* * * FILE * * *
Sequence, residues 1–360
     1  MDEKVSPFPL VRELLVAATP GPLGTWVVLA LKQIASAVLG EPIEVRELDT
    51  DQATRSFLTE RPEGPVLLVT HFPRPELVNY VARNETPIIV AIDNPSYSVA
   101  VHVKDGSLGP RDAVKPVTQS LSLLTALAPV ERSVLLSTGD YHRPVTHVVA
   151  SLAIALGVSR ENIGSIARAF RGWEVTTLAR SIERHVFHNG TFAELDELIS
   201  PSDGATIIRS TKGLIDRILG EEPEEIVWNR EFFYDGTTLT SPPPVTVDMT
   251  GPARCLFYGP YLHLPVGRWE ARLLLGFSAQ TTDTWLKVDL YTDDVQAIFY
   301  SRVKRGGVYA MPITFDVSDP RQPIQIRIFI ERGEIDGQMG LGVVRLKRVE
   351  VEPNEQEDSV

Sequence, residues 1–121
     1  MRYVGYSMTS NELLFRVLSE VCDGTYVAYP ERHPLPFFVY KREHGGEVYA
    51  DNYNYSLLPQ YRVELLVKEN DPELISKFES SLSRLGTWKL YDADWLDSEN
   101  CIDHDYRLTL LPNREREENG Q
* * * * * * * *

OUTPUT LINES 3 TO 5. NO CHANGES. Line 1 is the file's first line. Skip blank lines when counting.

    51  DQATRSFLTE RPEGPVLLVT HFPRPELVNY VARNETPIIV AIDNPSYSVA
   101  VHVKDGSLGP RDAVKPVTQS LSLLTALAPV ERSVLLSTGD YHRPVTHVVA
   151  SLAIALGVSR ENIGSIARAF RGWEVTTLAR SIERHVFHNG TFAELDELIS